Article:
A murky mix of flies, blood, water, muddy walkways, sweaty bodies and smoke combine to make the abattoirs in the marketplaces of Benue State a perfect breeding ground for disease. Lack of adequate sanitation knowledge, lack of enforcement by market associations and insufficient supervision of animal slaughter by qualified veterinary officers conspire to create major health challenges for communities.

I was at Harvest FM, a local radio station in Benue State, to train producers. We were brainstorming ways we could use their popular early morning show “Good Morning Benue” to help serve the public interest. For the producers, an obvious choice was to discuss hygiene in abattoirs.

The programme explored a number of problems in the state’s local abattoirs: an absence of toilet and handwashing facilities and the practice of washing meat with untreated water sourced direct from the River Benue.

Identifying dirty meat

Listeners were invited to question the studio guest - a respected local veterinary doctor. One listener fielded a particularly challenging question:

Tackling cholera through radio in Kenya

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Author: David Njuguna, April 6 2016 - Last year Kenya was facing a devastating cholera outbreak. It started in the capital, Nairobi and by June 2015, a total of 4,937 cases and 97 deaths had been reported nationally.

According to public health officials, the spread of cholera in Nairobi particularly affected people living in slums. Frequent bursting of sewer lines, poor sanitation facilities and heavy rains played a major role in the outbreak. Poor hygiene practices – such as not washing hands before eating or preparing food – also contributed to the spread of disease. The outbreak eventually petered out, but the environment and practices that contributed to the spread of cholera continue to pose a threat.

In a quiet courtyard, away from the hustle and bustle of Nairobi’s Kawangware slum, a community radio station was planning a response.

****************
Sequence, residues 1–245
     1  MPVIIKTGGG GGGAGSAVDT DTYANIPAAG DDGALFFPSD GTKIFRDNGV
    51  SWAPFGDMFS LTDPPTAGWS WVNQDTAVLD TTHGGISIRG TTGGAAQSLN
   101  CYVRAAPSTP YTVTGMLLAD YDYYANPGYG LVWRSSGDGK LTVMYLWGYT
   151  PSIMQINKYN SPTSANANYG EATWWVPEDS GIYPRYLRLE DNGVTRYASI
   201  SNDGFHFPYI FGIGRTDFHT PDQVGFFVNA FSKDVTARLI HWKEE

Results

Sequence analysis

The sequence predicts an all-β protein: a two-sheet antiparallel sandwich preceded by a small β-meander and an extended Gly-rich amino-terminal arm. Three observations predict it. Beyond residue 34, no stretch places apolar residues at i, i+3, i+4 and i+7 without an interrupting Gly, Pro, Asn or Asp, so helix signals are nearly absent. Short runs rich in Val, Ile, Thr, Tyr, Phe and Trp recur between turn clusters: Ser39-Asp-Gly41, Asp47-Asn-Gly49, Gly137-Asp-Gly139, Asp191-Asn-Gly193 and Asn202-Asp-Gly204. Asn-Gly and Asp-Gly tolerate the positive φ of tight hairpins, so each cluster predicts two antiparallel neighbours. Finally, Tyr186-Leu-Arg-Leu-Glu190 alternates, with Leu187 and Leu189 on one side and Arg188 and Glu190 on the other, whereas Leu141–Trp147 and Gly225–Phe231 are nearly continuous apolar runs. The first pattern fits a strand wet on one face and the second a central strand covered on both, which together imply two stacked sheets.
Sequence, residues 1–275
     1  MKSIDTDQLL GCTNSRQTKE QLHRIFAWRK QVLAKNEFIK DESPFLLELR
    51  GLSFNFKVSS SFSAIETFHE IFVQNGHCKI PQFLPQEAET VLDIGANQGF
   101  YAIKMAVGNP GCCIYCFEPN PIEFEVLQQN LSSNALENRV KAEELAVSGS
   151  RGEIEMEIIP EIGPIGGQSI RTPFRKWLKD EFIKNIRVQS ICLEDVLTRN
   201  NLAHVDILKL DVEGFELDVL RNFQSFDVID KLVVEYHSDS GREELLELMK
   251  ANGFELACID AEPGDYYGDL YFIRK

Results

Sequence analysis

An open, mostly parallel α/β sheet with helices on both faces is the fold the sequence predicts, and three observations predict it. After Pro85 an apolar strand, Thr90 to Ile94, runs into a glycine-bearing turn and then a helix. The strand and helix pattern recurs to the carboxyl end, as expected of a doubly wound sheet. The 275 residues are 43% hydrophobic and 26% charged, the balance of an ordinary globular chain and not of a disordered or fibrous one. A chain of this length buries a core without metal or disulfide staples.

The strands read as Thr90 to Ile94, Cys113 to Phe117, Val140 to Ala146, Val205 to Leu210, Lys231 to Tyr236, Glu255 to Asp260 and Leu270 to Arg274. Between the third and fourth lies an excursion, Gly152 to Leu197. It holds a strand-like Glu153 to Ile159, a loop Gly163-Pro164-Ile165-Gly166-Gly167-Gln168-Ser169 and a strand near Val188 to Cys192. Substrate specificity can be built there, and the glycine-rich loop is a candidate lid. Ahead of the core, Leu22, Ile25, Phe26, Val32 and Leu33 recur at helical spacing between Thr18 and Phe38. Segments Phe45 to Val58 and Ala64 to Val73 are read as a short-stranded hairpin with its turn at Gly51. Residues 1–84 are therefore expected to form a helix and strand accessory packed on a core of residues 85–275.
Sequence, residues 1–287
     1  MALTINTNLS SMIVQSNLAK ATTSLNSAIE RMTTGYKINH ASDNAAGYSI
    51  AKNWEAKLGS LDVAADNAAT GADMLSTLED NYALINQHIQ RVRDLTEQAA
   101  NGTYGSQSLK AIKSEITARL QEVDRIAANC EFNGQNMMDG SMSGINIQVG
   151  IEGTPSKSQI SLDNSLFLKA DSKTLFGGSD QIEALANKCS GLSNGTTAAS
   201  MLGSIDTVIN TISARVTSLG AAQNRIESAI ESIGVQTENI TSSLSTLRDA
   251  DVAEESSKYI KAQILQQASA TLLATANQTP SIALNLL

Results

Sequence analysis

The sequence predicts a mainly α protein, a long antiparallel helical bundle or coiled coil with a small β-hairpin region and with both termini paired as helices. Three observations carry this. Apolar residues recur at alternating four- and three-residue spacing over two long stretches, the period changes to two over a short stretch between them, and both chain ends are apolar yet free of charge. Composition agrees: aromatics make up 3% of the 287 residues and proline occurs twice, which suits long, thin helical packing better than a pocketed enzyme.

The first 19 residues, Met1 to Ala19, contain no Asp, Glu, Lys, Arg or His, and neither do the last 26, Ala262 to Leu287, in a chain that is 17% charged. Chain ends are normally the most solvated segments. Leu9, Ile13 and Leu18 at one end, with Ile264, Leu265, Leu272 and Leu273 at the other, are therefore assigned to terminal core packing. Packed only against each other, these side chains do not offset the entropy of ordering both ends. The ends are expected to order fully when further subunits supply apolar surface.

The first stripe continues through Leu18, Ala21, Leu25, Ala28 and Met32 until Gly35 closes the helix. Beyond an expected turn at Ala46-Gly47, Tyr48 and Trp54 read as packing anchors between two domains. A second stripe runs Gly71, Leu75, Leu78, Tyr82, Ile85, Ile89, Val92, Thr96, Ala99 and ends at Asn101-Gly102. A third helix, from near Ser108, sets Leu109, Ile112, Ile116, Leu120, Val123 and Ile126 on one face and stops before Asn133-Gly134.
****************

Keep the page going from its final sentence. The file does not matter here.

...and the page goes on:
Local radio

Mtaani Radio, run by a team of volunteers, was a hive of activity when I walked into their studio last week. They were recording content for ‘WASH Wednesdays’, a show looking at ways listeners can improve their health and hygiene. The show, reaching over 100,000 people in the Kawangware community, was just about to start.

“It’s time we the people of Kawangware demanded our constitutional right of access to clean water from the government. This will go a long way in reducing outbreaks of water-borne diseases” said Kamadi, editor and presenter of the show.

One year on from the Nigerian elections: "no violence, just vote"

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Author: Osebi Adams, April 6 2016 - This time last year, I wasn’t sure what the future held for me as a young Nigerian. Not because I was worried about a job or a family since I was already working as a researcher for BBC Media Action and planning a wedding with my fiancée. Instead, with elections looming, I was worried about my country. In 2011, over 800 people were in killed in post-election violence. In 2015, many people feared even more violence and death - and some even talked about the possible breakup of Nigeria.

I remember my mother calling one morning suggesting I move from Abuja, the capital, to her home town in the south which she believed would be safer until the elections were over.

But with BBC Media Action I was helping work towards peaceful elections with the active participation of groups usually marginalised from the voting process: women, youth and people living with disabilities.

No violence, just vote

One of the ways we contributed was by producing radio and TV public service announcements (PSAs) in English, Pidgin, Hausa, Yoruba and Igbo. These PSAs, ‘no violence - just vote’ and ‘turn up and vote’ encouraged young people to vote peacefully. They were broadcast across Nigeria in the months leading up to the elections, were posted on social media, and even played before movies at cinemas in some big towns.